According to the provisions of the international law, commercial airliners cannot be used for military purposes or even for transporting weapons and illegal materials. However, Iran constantly uses commercial flights for this reason, which is in violation of the nuclear deal. The regime constantly sends militants to Syria in commercial aircraft from four major Iranian cities: Abadan, Esfahan, Yazd, and Tehran, Majid Rafizadeh writes in a column published by Arab News.
This is occurring while Iran is signing agreements with some of the world’s largest aircraft companies in order to buy a new, modern fleet for none other than “commercial” purposes. These agreements come with modernization packages, that include technology and education, and they allow Iran to be part of the process of producing aircraft parts and equipment, as Maghsoud Asadi Samani, secretary of Iran’s Aviation Companies Association, has told state-owned media.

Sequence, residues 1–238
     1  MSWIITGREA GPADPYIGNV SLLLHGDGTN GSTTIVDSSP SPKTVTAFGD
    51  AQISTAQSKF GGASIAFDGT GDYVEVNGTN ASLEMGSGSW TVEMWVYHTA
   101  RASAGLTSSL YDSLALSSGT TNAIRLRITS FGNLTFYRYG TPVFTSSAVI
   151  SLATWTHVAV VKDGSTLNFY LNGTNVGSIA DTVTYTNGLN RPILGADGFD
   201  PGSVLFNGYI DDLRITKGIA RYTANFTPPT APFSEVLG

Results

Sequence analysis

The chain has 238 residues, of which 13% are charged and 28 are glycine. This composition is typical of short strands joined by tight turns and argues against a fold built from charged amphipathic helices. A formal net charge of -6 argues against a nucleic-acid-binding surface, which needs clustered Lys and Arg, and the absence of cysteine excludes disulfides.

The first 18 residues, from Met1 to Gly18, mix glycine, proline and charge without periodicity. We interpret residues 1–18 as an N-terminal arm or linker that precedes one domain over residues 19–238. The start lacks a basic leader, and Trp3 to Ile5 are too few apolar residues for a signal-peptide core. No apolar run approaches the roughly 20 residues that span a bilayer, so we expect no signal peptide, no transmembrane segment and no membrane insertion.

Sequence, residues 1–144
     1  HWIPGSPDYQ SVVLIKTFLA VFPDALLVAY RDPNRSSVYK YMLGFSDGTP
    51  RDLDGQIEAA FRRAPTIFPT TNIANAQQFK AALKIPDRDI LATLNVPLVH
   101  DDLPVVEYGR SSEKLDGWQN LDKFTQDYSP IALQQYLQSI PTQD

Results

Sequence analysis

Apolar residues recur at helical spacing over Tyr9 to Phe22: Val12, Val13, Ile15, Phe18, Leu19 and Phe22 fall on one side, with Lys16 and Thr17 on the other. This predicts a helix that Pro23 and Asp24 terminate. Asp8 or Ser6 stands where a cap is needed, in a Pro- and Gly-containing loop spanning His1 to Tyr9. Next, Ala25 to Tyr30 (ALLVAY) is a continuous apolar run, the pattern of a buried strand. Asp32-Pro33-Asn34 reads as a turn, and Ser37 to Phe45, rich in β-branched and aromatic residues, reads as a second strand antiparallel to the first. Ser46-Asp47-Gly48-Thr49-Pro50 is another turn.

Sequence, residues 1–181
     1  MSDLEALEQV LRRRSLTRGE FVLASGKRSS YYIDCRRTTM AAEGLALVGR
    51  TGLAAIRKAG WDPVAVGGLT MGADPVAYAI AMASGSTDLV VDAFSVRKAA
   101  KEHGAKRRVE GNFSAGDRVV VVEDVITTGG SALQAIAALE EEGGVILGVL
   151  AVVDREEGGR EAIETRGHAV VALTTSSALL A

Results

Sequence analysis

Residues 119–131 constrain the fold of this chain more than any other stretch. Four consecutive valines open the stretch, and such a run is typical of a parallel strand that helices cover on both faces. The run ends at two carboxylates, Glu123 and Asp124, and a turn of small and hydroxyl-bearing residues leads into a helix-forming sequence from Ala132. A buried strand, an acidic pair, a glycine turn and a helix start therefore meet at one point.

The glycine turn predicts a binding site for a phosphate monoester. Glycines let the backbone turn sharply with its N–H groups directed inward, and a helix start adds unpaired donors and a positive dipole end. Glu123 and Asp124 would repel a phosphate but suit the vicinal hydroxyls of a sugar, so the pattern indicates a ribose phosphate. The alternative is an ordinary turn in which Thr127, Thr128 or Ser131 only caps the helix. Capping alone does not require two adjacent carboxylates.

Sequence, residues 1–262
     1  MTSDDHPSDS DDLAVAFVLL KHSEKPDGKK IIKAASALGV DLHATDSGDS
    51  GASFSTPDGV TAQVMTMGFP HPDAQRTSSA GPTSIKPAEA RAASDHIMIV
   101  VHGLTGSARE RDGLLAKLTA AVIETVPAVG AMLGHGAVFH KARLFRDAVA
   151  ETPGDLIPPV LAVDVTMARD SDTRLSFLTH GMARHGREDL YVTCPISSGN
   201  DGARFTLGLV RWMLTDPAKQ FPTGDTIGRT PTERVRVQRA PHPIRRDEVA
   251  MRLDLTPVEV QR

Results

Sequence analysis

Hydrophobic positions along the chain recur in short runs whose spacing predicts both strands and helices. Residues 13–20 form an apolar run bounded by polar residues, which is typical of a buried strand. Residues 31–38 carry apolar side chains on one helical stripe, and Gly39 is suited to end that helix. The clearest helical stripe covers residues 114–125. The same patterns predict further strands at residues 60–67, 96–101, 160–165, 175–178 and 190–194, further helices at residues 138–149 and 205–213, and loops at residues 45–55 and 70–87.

Tehran’s advocates say there is no evidence that the regime is violating international law and its commitments to the nuclear agreement. However, Iran has a history of using its commercial airlines for military purposes. Most recently, the clerical dictatorship was caught red-handed transporting military personnel to Syria. After they arrive, these soldiers join Syrian regime forces in committing atrocities and crimes against humanity and promoting a sectarian agenda, Rafizadeh writes.
Iran’s commercial airlines, especially Iran Air and Mahan, are the primary tools used for the illicit transport of weapons and military staff, including members of the Islamic Revolutionary Guard Corps (IRGC), its elite Quds Force and the Basij militia. These airlines do not fly to Syria on pre-announced scheduled days, as other commercial airlines do. They choose random days and destinations in Syria which are very suspicious.
This week, several U.S. congressional leaders wrote in a letter that “Iran’s use of commercial aircraft for military purposes violates international agreements as well as Iranian commitments under the JCPOA (nuclear deal).”
“We believe these photos mandate a thorough investigation of these practices and a comprehensive review of Iran’s illicit use of commercial aircraft… During this investigation, the United States should suspend current and future licenses for aircraft sales to Iran.”